Helping Kids Through Divorce Physically and Emotionally – A Useful Resource
For many parents who are married, the thought of getting divorced is one that fills them with worry and anxiety.
- How will kids cope with their parents’ breakup?
- How will children divide their time between divorced parents?
- Will a divorce result in financial struggles for a single parent that impact kids’ health and well-being?
These are just a few of the questions the parents may face when considering whether to go ahead with a divorce and helping kids through divorce as smoothly as possible.
Because of the concerns about how divorce will affect children, many parents choose to remain married because they believe that it will be best for their kids. However, this can ultimately be more harmful to kids.
Being exposed to ongoing conflict between parents can be very stressful for children, and it can set a negative example about what they should expect in their own relationships.
While the decision to end your marriage is not an easy one, once you are ready to move forward with your divorce, you will want to do everything you can to ensure helping children through divorce while minimizing the negative effects they may experience.
So, this situation begs the questions around telling kids about divorce, how to help a child deal with divorce and how to avoid the adverse effects of divorce on children.
You may also need to take steps to protect their physical safety and ensure their needs will be met going forward, and you should be sure to make the right decisions that will protect your parental rights.
By working with an experienced DuPage County divorce lawyer, you can be prepared for success as a parent, helping kids cope with divorce, during your divorce and beyond.
How to prepare your kids for divorce
As you begin planning for your divorce and helping kids through divorce, you will want to determine the right time to inform your children of the end of your marriage and discuss how their lives will be changing.
In many cases, it is best for you and your spouse to speak to all of your children together. During this conversation, keep the following tips in mind on how to help children cope with divorce.
- Answer questions honestly – Your children will likely have plenty of questions about why you are getting divorced. You should be open with them about the fact that your marriage has broken down, but you should be sure to discuss these issues in an age-appropriate manner.
You and your spouse should avoid blaming each other for the divorce or sharing details about specific conflicts or problems that led to the end of the marriage. Instead, focus on the fact that the marriage is ending and talk to them about what will be changing during and after the divorce process.
- Offer reassurance – Children dealing with divorce often feel that they are to blame for their parents’ divorce. Helping your child through a divorce, you should make sure they understand that your divorce is not their fault, but is an issue solely between you and your spouse.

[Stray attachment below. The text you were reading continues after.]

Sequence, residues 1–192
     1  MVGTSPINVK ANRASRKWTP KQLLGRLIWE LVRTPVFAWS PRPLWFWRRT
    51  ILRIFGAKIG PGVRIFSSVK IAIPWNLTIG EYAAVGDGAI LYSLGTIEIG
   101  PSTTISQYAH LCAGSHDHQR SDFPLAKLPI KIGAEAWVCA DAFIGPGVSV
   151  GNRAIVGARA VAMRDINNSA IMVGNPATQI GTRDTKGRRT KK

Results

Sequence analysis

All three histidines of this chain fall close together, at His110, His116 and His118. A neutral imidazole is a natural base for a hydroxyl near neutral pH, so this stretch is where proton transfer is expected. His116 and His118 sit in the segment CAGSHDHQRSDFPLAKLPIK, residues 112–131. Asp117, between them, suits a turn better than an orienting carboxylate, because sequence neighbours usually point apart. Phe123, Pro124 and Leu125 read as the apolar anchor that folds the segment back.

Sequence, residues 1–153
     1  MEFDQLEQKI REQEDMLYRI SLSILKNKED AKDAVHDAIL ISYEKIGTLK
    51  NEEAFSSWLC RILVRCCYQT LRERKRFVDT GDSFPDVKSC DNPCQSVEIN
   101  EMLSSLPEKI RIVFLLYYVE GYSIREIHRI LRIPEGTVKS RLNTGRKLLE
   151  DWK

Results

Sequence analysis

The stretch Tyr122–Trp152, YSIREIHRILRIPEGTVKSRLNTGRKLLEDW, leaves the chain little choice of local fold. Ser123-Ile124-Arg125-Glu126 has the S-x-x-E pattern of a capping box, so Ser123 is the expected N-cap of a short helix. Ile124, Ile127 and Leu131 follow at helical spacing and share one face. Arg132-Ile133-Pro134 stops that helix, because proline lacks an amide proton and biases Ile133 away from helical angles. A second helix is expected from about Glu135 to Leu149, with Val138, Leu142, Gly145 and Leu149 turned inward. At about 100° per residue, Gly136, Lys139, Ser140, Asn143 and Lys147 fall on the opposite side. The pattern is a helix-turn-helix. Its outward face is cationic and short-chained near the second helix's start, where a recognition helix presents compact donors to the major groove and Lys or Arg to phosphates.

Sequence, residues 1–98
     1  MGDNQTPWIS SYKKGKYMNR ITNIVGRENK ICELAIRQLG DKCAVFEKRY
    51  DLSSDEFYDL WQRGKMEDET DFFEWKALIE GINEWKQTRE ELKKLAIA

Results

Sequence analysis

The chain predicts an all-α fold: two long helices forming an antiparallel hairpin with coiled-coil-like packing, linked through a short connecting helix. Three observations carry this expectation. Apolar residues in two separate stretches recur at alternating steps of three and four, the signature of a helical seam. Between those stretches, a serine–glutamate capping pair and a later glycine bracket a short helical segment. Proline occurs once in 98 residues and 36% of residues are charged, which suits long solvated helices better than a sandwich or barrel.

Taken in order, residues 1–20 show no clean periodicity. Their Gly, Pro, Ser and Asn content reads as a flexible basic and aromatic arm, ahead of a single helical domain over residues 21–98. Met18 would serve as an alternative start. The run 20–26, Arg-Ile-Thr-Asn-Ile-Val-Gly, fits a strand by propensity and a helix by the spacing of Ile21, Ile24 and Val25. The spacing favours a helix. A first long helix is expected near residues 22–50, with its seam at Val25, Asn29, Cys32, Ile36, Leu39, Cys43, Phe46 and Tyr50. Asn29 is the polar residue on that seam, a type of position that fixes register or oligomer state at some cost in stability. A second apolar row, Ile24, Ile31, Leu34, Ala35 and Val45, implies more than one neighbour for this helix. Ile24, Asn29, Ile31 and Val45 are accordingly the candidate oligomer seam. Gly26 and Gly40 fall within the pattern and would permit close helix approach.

Helping kids through divorce, you can also make sure to let your kids know that both of their parents will always be there for them and will never stop loving them.
- Set expectations – Uncertainty about the future is one of the largest concerns children have during their parents’ divorce, so you should alleviate these worries by letting them know what to expect.
Be sure to discuss major changes ahead of time, such as one parent moving out of the family home, and prepare them for other changes to their regular routines.
How to help your children get through the divorce process
Once the divorce process officially begins, parents and children may struggle to adjust to their changing circumstances, and ongoing legal disputes between parents may threaten to boil over into emotional arguments.
This increased stress can affect an entire household, so you will want to take the following steps to protect your children as you work to complete your divorce and continue helping kids through divorce.
- Do not involve children in conflict – You should do everything you can to ensure that your children are not exposed to disputes or fights between you and your spouse.
In helping kids through divorce, it is best to avoid arguing in front of children or where they can overhear you, you should also make sure you do not put them in the middle of any conflicts.
This includes refraining from making negative comments about your spouse or blaming them for the divorce, asking your children to choose sides or make decisions about which parent they want to spend time with, or using your kids to send messages between parents.
- Cooperate with the other parent – Even though your marriage has broken down, you and your spouse will need to continue to work together to raise your children in the years to come.
During your marriage dissolution and helping kids through divorce, you can work to establish a co-parenting relationship in which you collaborate in making decisions about your children and providing them with the care they need.